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Baltimore, also known as Charm City, was officially founded in 1729. Baltimore’s natural deep water harbor was the source of its growth by facilitating trade in grain and tobacco. Numerous mills emerged in Baltimore’s outlying areas to create flour to be exported through the Baltimore Harbor. During the occupation of Philadelphia in 1777, Baltimore briefly served as the meeting place for the Continental Congress.

Shipbuilding also emerged as an industry in Baltimore, as ships were needed to counteract the British threat during the war of 1812. Baltimore shipyards built many clippers to engage in privateering of British vessels, a type of legal government licensed piracy enacted to protect American trade interests. British merchant ships suffered huge losses as Baltimore played a large role in the eventual victory of the War of 1812. After burning Washington, the British turned North to attack Baltimore. The British were defeated at Baltimore as the citizens and militia fought the British at North Point and Fort McHenry kept them from entering the Baltimore Harbor. It was during this battle that Francis Scott Key wrote America’s national anthem, “The Star Spangled Banner”.

After the war of 1812, Baltimore continued to be a center for commerce as Baltimore businessmen financed the building of the Chesapeake & Ohio Canal to compete with the Erie Canal which served New York City. The Baltimore & Ohio Railroad also emerged during this period as Baltimore became an ever bigger center of commerce. In addition to traditional exports, Baltimore also began exporting the riches of the Chesapeake Bay in oysters and fish.

Although Baltimore was a Union state during the Civil War, the majority of the population supported the South. Soldiers passing through from a Massachusetts regiment were attacked by an angry mob in 1861. During the late 1800’s, Baltimore was a large point of entry for immigrants. Many Polish, Irish, and Italian immigrants passed though Fells Point and the Baltimore Harbor.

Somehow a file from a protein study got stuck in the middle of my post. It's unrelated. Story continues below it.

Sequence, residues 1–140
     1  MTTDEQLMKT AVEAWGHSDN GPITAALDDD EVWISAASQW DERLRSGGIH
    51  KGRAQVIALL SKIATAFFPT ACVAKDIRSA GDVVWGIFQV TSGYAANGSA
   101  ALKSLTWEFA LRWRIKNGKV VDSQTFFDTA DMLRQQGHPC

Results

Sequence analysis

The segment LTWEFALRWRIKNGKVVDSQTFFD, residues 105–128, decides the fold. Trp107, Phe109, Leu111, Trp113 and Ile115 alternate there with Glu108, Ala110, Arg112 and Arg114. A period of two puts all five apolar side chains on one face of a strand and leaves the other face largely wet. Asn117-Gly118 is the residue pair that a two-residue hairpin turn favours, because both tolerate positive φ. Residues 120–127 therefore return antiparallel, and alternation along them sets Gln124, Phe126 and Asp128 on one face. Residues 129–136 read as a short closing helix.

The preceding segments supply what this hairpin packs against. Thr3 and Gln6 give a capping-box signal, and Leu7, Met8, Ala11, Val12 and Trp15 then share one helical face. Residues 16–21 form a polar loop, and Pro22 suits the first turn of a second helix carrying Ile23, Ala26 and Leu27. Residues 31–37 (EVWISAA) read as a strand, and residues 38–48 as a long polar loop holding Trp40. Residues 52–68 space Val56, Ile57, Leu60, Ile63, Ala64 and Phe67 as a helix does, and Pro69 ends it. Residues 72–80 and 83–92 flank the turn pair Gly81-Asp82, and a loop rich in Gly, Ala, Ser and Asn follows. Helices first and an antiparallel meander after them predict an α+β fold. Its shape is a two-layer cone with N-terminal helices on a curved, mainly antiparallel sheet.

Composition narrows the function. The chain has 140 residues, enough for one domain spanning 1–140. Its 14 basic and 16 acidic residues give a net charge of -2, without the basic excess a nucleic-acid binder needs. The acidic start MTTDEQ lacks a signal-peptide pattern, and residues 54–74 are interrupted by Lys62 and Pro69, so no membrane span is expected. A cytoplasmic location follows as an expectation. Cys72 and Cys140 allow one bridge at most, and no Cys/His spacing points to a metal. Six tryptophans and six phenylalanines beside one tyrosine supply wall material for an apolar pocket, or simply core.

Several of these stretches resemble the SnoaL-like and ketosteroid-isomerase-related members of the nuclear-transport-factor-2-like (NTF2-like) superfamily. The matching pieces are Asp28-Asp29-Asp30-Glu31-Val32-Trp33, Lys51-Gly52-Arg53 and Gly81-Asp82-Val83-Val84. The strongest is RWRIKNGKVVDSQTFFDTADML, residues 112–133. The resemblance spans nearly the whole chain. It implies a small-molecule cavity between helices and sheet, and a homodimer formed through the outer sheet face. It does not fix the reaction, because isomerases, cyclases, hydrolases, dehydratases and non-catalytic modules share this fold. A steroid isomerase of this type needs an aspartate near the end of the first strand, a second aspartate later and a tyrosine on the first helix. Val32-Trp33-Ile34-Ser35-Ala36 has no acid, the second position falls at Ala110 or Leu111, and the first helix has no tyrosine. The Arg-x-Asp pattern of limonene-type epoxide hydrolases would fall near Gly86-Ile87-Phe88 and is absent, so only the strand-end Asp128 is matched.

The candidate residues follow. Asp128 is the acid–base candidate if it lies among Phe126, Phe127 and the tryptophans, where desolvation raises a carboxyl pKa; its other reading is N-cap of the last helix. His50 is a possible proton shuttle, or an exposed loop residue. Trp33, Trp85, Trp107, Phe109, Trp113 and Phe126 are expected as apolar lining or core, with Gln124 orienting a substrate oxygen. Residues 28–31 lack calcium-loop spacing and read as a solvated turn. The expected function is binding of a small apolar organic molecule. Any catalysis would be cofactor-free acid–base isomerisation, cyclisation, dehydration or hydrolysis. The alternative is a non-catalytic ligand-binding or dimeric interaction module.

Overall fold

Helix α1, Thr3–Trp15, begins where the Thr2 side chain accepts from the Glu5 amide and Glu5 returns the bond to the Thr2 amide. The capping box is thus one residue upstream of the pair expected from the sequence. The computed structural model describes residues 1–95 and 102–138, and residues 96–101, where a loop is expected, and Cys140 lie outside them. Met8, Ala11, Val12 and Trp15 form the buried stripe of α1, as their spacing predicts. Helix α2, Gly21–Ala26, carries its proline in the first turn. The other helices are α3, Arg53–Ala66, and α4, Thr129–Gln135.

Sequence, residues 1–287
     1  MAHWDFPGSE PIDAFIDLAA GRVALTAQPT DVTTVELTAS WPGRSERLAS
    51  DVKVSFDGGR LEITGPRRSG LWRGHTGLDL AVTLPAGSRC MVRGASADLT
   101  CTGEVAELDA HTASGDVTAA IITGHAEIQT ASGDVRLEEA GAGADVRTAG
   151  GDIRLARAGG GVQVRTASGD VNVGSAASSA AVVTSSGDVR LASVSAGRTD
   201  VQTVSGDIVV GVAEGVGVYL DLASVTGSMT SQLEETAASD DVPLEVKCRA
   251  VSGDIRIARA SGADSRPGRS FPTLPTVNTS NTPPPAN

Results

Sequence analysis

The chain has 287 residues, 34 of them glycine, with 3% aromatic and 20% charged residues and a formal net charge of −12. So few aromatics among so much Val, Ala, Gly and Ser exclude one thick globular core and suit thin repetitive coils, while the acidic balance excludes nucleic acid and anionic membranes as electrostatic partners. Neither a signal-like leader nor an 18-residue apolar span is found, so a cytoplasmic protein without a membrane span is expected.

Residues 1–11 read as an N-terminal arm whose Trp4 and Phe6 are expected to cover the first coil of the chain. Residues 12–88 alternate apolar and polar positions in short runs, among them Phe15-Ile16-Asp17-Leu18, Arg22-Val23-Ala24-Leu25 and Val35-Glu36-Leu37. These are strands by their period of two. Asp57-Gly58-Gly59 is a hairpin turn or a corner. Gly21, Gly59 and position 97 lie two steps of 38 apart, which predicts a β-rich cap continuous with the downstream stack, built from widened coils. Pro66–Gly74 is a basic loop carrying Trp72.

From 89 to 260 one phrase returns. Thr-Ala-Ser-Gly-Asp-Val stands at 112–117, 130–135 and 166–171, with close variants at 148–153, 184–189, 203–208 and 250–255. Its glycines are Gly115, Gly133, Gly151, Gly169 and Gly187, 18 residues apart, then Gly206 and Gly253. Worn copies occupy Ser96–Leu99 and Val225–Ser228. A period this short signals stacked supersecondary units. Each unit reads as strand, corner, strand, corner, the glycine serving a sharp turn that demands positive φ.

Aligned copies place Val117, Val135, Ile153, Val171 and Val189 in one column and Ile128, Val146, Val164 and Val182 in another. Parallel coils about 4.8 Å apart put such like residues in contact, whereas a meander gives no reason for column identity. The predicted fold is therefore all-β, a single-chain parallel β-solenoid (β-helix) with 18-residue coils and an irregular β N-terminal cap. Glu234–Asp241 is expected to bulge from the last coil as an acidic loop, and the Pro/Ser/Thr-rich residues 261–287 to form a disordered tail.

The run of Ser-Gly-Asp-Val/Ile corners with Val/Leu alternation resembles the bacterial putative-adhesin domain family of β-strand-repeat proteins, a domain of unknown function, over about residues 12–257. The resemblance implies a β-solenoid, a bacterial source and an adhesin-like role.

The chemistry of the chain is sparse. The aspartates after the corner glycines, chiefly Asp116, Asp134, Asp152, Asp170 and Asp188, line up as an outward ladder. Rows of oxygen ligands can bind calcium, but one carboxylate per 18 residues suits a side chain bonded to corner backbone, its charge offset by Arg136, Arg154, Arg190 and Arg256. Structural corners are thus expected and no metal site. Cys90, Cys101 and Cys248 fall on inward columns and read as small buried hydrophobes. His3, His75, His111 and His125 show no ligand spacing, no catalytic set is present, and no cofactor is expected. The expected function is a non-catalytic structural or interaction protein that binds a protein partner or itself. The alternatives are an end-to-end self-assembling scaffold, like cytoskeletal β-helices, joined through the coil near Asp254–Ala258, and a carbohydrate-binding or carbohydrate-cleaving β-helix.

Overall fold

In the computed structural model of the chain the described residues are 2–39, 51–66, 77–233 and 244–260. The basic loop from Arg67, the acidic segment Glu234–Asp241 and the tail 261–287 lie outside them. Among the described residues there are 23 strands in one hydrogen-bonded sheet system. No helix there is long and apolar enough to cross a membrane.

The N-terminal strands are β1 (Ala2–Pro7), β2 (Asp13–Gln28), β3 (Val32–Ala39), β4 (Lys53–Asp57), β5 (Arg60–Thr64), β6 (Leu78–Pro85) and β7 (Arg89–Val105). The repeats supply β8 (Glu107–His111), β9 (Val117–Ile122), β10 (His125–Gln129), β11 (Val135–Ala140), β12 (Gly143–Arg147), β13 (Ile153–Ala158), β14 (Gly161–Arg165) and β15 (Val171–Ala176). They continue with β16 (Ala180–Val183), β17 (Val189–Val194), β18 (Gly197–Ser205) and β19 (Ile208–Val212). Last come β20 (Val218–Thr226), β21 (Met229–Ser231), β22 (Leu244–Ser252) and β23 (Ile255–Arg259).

In 1904 Baltimore suffered a devastating fire that consumed most of the City. Although the fire consumed most of the business district, the rebuilding opportunity enabled Baltimore to improve the City design and plan. Like many cities throughout the United States, Baltimore suffered during the depression. Huge job losses brought blight to City neighborhoods.

World War I and II provided a boost to the economy as Baltimore shipyards built many of the ships necessary to fight the battles of the Atlantic and Pacific. During the 1960’s and 1970’s Baltimore lost a large amount of its population as residents left for the suburbs. Many city neighborhoods formerly vibrant, had many vacant homes.

In the early 1980’s Baltimore began a comeback as the Inner Harbor area was developed reinvigorating the city and beginning the effort to bring tourism into the city. In the 1980’s and 1990’s, the National Aquarium, The Maryland Science Center, and Oriole Park at Camden Yards were built. Baltimore neighborhoods such as Fells Point, Federal Hill, Canton, and Locust Point that were neglected for years, are now seeing tremendous growth and renovation.

Famous People From the Baltimore Area
  • Billie Holiday
  • Eubie Blake
  • H.L. Mencken
  • Edgar Alan Poe
  • Babe Ruth
  • Barry Levinson
  • Frederick Douglass
  • Johnny Unitas
  • Oprah Winfrey
  • Tom Clancy
  • Cal Ripken
  • Thurgood Marshall
  • Francis Scott Key
  • Harriet Tubman
  • Mary Pickersgill
  • Upton Sinclair
Baltimore Sports


Baltimore Orioles

Baltimore Ravens
 
 
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